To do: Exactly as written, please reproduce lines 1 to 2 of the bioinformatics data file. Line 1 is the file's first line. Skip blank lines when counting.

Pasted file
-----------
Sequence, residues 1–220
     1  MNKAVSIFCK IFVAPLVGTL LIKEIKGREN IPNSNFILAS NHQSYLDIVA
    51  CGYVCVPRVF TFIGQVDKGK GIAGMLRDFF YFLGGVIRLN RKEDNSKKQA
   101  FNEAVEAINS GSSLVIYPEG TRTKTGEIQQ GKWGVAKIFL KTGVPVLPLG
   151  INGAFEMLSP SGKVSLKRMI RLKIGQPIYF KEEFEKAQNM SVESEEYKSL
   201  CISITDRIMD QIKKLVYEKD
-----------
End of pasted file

Sequence, residues 1–220
     1  MNKAVSIFCK IFVAPLVGTL LIKEIKGREN IPNSNFILAS NHQSYLDIVA